Put the water into a large bowl, sprinkle the dry yeast on top and stir to dissolve the yeast. It may take 10 minutes before the yeast completely dissolves. This is called proofing, because you're proving that the yeast are alive and active. Add 1 cup of the flour to the bowl, cover with plastic wrap and let stand in a warm place for about 1 hour. This stage is called a sponge. By this time it should be very bubbly.
The remaining flour will be used to make the dough. On a nice big work surface, add the remaining flour and make a well in the center. In the well place the "sponge" and olive oil.
Using your fingers, mix the sponge, oil and flour together to create dough, just like if you were making bread or pasta.
Knead the dough until it is nice and smooth but don't overwork it. If need be, add water or flour while kneading to create a soft slightly sticky dough. Takes about 5 minutes.
Divide the dough in four equal pieces and roll each piece into 12-inch rounds using your roller.
Place one of the rounds onto a large baking sheet. Top with about 2 cups of the grapes being sure to leave at least a 1-inch border.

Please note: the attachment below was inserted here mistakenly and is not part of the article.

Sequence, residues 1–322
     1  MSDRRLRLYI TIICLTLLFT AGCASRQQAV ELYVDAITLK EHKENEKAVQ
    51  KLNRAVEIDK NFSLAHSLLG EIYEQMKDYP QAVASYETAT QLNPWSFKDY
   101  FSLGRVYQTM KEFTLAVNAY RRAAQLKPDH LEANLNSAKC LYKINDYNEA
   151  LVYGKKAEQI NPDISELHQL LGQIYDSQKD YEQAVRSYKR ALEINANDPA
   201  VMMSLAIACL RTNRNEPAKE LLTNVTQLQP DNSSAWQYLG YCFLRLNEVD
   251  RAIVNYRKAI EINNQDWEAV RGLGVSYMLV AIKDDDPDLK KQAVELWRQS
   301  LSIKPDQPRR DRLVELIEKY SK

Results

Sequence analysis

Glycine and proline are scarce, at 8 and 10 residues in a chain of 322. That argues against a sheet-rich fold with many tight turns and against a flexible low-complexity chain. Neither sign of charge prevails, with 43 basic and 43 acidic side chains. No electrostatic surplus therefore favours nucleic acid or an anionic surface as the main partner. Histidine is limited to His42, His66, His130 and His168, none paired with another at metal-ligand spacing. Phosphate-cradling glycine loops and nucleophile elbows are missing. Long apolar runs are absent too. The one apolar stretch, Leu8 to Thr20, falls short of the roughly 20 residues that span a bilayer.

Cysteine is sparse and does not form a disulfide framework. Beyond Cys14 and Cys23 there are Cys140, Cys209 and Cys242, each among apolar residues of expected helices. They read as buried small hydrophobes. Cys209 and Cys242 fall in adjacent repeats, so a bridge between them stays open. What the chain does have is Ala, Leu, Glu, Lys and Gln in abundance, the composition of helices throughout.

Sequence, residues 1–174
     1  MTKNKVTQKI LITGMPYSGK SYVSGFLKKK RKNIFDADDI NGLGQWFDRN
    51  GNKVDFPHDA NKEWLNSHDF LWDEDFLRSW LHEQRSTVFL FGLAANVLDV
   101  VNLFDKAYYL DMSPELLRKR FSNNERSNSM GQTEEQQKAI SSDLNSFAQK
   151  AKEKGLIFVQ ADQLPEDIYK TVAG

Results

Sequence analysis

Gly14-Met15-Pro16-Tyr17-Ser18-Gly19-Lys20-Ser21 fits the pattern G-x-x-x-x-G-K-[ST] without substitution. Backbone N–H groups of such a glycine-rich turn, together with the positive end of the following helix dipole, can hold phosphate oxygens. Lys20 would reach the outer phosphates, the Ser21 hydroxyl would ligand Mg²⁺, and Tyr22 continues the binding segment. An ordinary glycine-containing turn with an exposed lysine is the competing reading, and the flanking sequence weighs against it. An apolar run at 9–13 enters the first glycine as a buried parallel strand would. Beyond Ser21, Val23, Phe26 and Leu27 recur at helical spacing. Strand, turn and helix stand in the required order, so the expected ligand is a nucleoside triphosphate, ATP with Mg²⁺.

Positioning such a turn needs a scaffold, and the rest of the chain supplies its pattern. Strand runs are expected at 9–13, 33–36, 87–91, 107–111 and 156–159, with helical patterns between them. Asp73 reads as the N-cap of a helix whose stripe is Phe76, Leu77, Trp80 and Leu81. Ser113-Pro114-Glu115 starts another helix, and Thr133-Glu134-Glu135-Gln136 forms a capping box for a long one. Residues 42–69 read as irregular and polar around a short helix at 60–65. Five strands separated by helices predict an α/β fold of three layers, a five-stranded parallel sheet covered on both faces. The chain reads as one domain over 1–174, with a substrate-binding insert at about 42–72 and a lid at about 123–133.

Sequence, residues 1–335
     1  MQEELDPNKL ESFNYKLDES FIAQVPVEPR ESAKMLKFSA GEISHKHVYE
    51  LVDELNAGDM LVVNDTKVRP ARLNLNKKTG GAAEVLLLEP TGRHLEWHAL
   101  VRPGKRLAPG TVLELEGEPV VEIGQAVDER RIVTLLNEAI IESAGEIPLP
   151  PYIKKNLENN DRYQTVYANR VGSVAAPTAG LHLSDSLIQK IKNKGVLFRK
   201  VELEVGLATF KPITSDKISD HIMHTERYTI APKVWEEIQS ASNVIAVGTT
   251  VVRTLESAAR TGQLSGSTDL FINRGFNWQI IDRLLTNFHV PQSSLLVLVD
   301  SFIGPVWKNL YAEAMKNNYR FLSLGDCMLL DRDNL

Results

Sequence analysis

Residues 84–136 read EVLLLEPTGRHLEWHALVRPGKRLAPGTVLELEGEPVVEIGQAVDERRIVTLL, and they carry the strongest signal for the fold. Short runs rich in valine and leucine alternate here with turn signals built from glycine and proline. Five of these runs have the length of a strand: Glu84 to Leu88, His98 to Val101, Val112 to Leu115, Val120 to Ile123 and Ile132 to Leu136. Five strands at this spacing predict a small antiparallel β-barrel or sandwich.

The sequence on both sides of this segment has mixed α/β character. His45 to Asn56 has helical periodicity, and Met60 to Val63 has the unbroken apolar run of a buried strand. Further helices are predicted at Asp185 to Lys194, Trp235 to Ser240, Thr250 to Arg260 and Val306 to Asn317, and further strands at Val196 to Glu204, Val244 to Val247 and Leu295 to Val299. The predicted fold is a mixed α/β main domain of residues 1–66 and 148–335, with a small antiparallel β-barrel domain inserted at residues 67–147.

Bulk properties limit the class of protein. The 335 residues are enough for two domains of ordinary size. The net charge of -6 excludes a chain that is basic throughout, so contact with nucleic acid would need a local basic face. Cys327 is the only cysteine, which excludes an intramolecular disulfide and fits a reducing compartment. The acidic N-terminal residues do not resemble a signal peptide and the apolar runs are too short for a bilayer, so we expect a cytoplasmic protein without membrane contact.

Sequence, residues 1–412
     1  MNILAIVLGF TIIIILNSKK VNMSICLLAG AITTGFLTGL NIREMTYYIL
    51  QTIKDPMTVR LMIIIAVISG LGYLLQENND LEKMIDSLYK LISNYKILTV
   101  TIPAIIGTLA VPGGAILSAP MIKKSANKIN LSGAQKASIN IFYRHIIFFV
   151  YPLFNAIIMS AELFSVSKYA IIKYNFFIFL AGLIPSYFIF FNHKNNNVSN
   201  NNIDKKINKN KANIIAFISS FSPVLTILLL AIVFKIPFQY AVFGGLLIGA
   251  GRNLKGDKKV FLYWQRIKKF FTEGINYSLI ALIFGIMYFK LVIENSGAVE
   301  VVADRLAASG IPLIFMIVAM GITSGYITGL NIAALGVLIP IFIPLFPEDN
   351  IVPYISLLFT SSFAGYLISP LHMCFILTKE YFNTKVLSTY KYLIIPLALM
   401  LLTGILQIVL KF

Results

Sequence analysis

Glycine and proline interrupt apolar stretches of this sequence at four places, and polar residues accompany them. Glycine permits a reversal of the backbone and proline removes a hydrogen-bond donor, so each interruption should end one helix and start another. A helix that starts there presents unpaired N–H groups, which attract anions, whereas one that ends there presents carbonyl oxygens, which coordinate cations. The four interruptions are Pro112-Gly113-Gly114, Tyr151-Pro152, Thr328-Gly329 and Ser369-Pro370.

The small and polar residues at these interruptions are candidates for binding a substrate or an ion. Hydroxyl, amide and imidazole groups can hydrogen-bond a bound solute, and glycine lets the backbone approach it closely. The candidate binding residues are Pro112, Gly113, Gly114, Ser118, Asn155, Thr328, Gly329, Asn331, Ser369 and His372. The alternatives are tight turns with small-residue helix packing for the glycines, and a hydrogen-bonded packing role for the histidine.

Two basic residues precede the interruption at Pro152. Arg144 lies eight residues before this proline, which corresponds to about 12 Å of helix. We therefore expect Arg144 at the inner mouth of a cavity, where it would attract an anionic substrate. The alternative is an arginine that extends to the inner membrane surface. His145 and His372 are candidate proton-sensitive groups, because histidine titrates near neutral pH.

Sprinkle the grapes with 2½ tablespoons sugar, then ¼ teaspoon of fennel seeds. Cover this round with another dough round and fold the edges in to make a seal. Make five ½ inch slits in the top dough round.
Top with another 2 cups of grapes, sprinkle these with another 2½ tablespoons of sugar and another ¼ teaspoon of fennel. Cover loosely with a kitchen towel.
Do the exact same thing to make the second loaf and let both breads sit in a warm place for about an hour until they rise to double the size.
Preheat your oven to 375°F and bake the breads until brown and the grapes caramelize. About 1 hour.
Let the breads cool before cutting and serving.